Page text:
Culture Doesn’t Eat Strategy for Breakfast

Peter Drucker is credited as saying, “Culture eats strategy for breakfast.” I don’t agree. Not only did he not originate the statement, but the statement itself is wrong. If anything, culture gives life to your strategy. Without strategy, a business is without aim and is void of an end game. However, strategy left to its own, without a vibrant culture, will inevitably be stale, uninspiring and therefore lifeless. With a focus on business culture, your strategy will become a breathing, living force that drives the company toward greater results.

I was recently invited to speak at the Idaho Insurance Underwriters Association about business ethics and culture. I discussed how business culture brought life to their business strategy, rather than eating it like a crazed, out of control monster. Here’s how I described culture and strategy:

“I would say that culture is the oxygen that strategy breathes. Think of your strategy as the lungs of your business and culture as the air. Now, how important is it that your culture (air) is healthy? Health Insurance Underwriters know that one of the main questions when qualifying an individual for insurance is… ‘Are you a Circus Performer?’ Just kidding! Although I suppose it’s not a bad question when underwriting insurance. The question that does appear on every insurance application is, ‘Are you a smoker?’ In the same way, your culture quality is imperative when you are considering how healthy your strategy will be.”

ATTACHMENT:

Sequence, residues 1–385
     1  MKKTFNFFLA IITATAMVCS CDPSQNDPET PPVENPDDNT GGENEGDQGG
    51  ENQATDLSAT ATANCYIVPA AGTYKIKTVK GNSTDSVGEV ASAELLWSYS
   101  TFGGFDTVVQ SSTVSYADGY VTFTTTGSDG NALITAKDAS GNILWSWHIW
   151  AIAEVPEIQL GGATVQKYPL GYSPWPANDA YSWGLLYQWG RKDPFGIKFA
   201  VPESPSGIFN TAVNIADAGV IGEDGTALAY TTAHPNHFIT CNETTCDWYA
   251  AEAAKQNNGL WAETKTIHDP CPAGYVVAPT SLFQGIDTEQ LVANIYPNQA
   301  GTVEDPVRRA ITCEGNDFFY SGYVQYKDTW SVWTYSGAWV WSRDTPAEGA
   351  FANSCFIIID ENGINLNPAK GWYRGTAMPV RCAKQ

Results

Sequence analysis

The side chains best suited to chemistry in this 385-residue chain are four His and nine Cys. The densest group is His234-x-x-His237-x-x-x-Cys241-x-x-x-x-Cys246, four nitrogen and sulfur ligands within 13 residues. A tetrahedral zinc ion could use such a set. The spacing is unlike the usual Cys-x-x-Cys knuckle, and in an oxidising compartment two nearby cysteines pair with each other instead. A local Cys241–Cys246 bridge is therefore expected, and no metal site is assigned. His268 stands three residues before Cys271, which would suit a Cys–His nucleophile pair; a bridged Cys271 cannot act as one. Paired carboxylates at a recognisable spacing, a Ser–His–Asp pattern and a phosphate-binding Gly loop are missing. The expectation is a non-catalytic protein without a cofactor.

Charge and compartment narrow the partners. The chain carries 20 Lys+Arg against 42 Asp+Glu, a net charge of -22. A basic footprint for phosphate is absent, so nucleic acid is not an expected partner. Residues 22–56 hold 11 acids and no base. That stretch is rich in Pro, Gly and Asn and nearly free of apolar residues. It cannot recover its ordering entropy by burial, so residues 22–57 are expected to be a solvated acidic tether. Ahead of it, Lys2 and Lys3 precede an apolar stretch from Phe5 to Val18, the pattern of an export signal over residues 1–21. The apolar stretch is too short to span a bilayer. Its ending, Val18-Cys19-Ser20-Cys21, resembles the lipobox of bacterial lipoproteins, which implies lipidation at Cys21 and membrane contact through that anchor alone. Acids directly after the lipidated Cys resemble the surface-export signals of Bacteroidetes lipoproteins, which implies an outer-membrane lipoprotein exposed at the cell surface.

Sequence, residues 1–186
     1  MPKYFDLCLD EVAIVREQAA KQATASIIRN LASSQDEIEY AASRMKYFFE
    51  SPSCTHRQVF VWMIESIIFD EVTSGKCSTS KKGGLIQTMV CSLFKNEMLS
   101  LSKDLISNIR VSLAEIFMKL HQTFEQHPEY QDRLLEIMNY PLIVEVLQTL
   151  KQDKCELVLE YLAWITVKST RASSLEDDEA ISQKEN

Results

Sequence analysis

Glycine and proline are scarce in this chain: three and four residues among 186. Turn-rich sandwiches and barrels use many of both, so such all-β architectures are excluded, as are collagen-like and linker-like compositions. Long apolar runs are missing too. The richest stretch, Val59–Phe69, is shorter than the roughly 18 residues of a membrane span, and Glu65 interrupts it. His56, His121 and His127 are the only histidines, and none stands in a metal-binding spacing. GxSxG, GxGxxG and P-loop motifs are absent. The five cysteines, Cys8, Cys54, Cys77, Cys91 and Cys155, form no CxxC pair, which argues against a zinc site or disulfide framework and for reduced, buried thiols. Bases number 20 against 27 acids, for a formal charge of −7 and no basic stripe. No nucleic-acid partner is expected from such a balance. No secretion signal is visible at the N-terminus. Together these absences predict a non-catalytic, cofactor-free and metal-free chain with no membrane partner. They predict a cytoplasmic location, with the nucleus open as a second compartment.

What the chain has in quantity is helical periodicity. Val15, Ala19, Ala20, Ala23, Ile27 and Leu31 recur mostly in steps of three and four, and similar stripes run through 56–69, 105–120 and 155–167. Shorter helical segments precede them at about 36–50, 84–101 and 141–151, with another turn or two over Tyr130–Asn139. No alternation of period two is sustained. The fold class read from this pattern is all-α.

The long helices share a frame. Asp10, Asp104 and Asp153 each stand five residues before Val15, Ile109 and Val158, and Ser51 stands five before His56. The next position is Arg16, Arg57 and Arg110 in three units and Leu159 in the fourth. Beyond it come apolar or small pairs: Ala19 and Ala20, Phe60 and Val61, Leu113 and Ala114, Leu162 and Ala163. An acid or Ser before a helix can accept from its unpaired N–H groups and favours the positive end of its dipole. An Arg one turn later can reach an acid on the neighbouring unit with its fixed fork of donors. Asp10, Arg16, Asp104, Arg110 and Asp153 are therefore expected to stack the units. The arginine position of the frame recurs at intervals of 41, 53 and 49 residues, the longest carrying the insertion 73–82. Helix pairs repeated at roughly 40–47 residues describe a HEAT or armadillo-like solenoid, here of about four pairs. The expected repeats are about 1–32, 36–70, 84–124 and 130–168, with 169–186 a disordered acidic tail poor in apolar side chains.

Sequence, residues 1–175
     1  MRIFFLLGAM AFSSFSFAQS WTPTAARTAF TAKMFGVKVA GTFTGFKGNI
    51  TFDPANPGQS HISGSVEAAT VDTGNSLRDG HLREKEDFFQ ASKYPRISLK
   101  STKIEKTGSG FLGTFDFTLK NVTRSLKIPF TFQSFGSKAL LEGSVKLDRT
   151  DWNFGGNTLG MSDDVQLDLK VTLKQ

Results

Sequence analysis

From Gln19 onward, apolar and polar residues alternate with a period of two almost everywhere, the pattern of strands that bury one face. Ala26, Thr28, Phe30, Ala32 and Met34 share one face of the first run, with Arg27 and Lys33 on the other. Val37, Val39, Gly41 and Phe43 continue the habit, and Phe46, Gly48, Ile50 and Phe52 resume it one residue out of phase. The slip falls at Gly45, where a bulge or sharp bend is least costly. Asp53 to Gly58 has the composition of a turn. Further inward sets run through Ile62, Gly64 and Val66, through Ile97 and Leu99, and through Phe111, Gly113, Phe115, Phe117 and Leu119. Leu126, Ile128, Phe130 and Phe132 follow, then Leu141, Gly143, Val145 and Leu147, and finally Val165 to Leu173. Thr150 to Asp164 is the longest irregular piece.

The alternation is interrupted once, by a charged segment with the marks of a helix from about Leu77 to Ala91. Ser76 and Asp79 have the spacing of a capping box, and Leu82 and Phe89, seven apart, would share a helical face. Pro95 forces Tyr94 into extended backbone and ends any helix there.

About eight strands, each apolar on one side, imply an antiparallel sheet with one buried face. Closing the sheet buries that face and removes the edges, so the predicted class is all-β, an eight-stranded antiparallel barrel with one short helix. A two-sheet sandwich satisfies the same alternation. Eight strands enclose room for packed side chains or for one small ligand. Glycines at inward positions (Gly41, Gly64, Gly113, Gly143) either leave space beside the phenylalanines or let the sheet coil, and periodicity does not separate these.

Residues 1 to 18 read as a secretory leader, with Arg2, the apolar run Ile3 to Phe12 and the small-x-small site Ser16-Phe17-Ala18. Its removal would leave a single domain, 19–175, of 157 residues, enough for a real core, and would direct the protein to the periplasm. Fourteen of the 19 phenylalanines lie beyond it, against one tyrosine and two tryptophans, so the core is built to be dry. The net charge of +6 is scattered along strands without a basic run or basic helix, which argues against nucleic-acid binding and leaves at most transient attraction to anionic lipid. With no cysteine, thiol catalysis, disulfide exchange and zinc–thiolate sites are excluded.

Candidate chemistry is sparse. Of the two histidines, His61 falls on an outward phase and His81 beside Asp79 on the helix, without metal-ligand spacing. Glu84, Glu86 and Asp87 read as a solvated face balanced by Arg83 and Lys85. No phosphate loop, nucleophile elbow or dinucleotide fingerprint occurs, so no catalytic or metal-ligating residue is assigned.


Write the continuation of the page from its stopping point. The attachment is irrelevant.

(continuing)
A toxic culture of distrust, disloyalty, dishonesty, and so on will cause your lungs (strategy) to become toxic. If your company is breathing polluted air, it may be capable of breathing for some time, but the long-term impact is devastating. This is why you can’t assume that even if your strategy seems to be working, the culture will remain without intentional focus and investment. So what actions should a business take to ensure its air (culture) quality is exceptional?

Start with your company values and purpose statement. If you were to survey your employees and customers, does your business culture align with your values? I’ve discovered it’s rare to find a business owner that is truly in touch with their culture in the same way their employees are. Rather than analyzing your culture, what if you asked those around you to give honest feedback as to whether your purpose statement is being lived out and isn’t just printed on a poster in the break room. Begin with your values and purpose, and go through the process of alignment to both culture and strategy. It’s not an easy, overnight fix, but over time, you will feel the clean air and know that the health of your culture is providing strength to the strategy that drives your company toward greater results.

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